We know animals can’t speak in language, yet talking dogs are a perennial staple of the best seller lists. Animals are not like us, yet humans still desire to have a connection with them, to
communicate across species. Repeatedly, in the Bible, humans seem to need animals to express what might otherwise be unsaid.
I grew up as a vegetarian in India. However, after I came to the United States, my eating habits changed. As long as I could make a distinction between the meat, fish and fowl on my plate from the cow with a bolt shot through its head, or the fish gasping for breath on the boat deck or the bird with its head cut off and spurting blood, I was able to eat flesh and fish. Once I lost the ability to do this, though, I was drawn irresistibly back to the vegetarianism of my youth.
He was speaking English, but the words just weren’t registering. Here I was, in the inner sanctum, the book and artifact-lined Mount Scopus office of my academic idol, the man I hoped would be my mentor. And he was saying what? “Mr. Epstein, I have been studying Hebrew illuminated manuscripts for over 50 years, and I can assure you that no image of any animal in these works has any significance beyond the decorative.”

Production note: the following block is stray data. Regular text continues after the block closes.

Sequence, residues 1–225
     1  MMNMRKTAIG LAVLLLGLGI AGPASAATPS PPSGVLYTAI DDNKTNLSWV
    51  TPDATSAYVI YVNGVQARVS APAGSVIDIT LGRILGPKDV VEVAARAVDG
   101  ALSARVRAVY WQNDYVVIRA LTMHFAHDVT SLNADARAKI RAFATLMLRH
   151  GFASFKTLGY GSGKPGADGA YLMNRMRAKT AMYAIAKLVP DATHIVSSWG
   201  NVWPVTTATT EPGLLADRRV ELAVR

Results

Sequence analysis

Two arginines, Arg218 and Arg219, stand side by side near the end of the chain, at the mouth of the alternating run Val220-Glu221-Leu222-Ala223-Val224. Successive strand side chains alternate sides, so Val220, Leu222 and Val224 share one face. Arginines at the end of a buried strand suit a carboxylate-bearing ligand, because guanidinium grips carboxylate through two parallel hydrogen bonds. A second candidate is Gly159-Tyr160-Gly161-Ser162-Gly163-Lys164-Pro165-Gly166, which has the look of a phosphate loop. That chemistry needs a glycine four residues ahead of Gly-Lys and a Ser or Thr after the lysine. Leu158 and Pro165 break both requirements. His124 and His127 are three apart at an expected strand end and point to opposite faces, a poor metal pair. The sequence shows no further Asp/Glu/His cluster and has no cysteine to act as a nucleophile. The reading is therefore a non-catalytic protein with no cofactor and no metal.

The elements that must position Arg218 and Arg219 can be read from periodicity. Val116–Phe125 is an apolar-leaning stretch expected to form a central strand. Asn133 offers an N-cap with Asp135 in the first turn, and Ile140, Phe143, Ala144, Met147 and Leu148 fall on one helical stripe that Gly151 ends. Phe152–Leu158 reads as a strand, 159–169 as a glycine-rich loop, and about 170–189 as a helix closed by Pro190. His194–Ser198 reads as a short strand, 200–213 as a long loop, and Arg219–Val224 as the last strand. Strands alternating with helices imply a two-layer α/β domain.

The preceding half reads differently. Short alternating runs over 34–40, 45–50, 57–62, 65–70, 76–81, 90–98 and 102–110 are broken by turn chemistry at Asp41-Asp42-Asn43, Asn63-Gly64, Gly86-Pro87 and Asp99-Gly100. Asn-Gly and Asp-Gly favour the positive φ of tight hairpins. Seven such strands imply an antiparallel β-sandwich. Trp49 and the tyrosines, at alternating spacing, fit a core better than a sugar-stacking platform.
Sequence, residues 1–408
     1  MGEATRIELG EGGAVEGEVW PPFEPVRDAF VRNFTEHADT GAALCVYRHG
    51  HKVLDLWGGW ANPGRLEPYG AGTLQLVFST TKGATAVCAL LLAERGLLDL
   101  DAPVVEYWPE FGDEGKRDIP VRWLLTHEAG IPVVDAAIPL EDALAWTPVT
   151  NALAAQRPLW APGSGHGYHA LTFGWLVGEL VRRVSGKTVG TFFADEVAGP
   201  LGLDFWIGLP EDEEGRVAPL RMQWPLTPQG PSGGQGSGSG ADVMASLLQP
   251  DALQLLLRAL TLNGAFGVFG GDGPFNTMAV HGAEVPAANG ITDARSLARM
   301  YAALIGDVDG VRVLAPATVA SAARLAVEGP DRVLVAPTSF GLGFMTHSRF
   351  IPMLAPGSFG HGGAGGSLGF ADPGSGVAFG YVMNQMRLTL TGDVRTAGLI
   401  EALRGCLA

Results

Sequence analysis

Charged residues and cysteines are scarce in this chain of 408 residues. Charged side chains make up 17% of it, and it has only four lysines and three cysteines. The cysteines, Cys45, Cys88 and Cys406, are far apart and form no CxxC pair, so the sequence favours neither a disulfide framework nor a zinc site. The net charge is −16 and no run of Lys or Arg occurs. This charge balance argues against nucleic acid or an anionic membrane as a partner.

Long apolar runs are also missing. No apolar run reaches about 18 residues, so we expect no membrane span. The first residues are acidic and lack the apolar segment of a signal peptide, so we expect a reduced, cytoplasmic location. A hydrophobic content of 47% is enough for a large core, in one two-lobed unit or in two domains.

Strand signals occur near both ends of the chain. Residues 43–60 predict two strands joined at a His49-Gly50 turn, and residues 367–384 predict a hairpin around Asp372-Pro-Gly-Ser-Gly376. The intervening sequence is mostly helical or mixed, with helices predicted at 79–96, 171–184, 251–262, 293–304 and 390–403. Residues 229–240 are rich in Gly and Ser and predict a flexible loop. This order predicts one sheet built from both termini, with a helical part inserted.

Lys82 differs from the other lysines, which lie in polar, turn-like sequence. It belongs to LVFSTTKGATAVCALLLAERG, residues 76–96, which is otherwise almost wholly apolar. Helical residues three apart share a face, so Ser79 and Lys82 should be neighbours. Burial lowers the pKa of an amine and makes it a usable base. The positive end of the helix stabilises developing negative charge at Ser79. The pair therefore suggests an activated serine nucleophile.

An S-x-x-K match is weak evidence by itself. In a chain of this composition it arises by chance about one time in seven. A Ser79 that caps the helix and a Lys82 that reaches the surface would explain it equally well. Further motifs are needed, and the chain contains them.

Where I come from, people don’t like dogs much. I grew up in Flatbush in the 1950s, in an Orthodox home. My parents were both from Crown Heights, a generation removed from the shtetl. I was raised to be terrified of dogs.
Old joke: A baptized Jew is lambasted by his former yeshiva pal for becoming a goy—“You, the Talmudic prodigy, how could you leave it all behind?!” Replies the apostate: “Moish, relax, I’m still afraid of dogs.”
One day in the fall of 1939, llamas, camels, ostriches, antelopes and foxes scrambled down the alleyways and cobblestone streets of Warsaw’s Old Town. These animals were fleeing, after Nazi bombs devastated the Warsaw Zoo.